DNC votes down resolution demanding Sanders, King join Dem Party

DNC votes down resolution demanding Sanders, King join Dem Party
© Greg Nash

The Democratic National Committee (DNC) on Friday voted down a resolution calling for Sens. Bernie SandersBernard (Bernie) SandersWarren joins Sanders in support of striking McDonald's workers Kavanaugh allegations could be monster storm brewing for midterm elections      Senate approves 4B spending bill MORE (I-Vt.) and Angus KingAngus Stanley KingRestoring our national parks would be a bipartisan win for Congress Restore our parks Renaming Senate office building after McCain sparks GOP backlash MORE (I-Maine) to run as Democrats when they seek reelection in 2018.

The resolution failed to gain the simple majority support it needed in the DNC's Resolution Committee to advance to a vote in general session at the party's fall meeting in Las Vegas, according to The Washington Post.

The resolution, sponsored by California DNC member Bob Mulholland, argued that “a strong and unified Democratic party … puts us in the best position to win elections.” It went on to urge the two independent senators to “register or affiliate with the Democratic Party in 2017, 2018 and beyond.”

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Sanders, a self-described "democratic socialist," is considered a possible contender for the Democratic Party's 2020 presidential nomination, and some party members have remained uneasy about the prospect of embracing a candidate who refuses to call himself a Democrat.

While both Sanders and King caucus with the Democrats, Sanders has called for the party to embrace independents.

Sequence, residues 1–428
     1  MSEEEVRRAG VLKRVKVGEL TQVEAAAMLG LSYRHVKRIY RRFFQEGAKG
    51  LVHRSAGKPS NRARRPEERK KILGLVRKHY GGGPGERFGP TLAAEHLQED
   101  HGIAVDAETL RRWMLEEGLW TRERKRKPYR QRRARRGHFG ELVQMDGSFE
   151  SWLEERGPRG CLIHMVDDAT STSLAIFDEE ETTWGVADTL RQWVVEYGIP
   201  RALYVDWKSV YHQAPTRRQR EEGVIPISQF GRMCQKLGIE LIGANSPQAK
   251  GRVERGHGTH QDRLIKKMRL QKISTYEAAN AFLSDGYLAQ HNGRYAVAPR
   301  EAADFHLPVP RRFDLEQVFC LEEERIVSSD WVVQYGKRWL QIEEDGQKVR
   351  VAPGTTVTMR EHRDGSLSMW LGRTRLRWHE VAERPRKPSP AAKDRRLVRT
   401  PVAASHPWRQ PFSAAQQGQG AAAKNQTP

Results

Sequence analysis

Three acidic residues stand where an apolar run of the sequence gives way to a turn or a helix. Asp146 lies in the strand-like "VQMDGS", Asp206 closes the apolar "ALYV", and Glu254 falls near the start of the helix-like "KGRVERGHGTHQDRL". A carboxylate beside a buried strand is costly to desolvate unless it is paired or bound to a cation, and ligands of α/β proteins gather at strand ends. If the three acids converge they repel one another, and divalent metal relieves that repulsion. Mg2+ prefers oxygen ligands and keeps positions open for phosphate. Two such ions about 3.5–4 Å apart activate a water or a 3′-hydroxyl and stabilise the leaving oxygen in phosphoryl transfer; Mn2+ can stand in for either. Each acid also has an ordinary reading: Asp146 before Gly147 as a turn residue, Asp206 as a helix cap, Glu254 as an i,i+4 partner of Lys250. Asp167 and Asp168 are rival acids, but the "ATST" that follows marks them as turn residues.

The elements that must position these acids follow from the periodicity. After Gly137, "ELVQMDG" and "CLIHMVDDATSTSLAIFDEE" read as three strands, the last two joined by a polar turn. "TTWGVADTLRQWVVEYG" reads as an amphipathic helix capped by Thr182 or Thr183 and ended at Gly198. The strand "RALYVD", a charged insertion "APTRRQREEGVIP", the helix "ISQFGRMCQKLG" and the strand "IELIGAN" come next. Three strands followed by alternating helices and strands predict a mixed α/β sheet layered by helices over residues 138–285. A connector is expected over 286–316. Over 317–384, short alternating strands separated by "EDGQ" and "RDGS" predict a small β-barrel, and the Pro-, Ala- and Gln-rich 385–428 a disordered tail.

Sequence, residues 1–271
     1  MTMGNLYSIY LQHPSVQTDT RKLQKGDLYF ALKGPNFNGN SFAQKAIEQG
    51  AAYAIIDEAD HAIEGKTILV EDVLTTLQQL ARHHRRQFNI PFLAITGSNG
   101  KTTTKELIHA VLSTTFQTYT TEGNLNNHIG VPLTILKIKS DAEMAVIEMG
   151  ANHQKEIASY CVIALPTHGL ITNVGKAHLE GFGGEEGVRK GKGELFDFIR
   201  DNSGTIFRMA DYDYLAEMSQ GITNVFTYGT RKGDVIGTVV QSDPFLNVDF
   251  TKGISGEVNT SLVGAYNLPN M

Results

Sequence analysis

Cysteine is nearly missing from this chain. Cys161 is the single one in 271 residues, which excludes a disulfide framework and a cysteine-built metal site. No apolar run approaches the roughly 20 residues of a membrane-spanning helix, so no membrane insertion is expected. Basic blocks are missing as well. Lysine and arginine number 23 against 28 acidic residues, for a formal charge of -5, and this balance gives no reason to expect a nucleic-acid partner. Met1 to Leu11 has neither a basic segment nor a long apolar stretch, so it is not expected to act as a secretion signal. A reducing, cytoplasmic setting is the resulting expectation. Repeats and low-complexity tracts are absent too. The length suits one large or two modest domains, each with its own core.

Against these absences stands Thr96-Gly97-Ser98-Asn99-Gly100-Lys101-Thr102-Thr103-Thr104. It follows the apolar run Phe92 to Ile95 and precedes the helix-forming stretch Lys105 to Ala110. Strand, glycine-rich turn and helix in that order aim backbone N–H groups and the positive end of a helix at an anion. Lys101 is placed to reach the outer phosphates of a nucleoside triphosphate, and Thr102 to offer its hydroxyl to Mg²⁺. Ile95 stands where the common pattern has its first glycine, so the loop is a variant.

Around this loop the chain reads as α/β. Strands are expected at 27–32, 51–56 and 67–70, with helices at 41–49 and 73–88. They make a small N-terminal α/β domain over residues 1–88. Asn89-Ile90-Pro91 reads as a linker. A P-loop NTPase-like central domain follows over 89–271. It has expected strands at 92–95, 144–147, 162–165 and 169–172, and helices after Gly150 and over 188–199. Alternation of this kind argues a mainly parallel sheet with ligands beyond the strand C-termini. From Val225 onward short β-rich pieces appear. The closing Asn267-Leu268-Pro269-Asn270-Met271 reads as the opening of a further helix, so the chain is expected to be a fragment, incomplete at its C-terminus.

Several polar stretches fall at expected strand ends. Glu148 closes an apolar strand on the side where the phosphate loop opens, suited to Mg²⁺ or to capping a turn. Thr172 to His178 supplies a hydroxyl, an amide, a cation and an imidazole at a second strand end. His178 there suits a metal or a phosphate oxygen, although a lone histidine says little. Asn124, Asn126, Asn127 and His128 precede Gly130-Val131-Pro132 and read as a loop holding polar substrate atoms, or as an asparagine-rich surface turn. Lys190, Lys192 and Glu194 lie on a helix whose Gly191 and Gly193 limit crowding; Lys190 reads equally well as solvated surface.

Sanders' affiliation hit a sore spot last year when the Vermont senator sought the Democratic presidential nomination against former Secretary of State Hillary ClintonHillary Diane Rodham ClintonHillary Clinton: FBI investigation into Kavanaugh could be done quickly Hillary Clinton urges Americans to 'check and reject' Trump's 'authoritarian tendencies' by voting in midterms EXCLUSIVE: Trump says exposing ‘corrupt’ FBI probe could be ‘crowning achievement’ of presidency MORE, who eventually became the party's nominee. 

Sanders conceded the Democratic nomination shortly before the party's 2016 national convention. But the senator's supporters expressed outrage after leaked DNC emails revealed that party leaders sought to tip the primary contest in Clinton's favor.

Had the resolution passed, it would not have forced Sanders or King to run as Democrats. King told CNN in an interview on Tuesday that he had no intention of running under a party banner when he seeks reelection next year.

“I’ve been an independent since the early nineties. I was a governor as an independent," he said. "That’s who I am."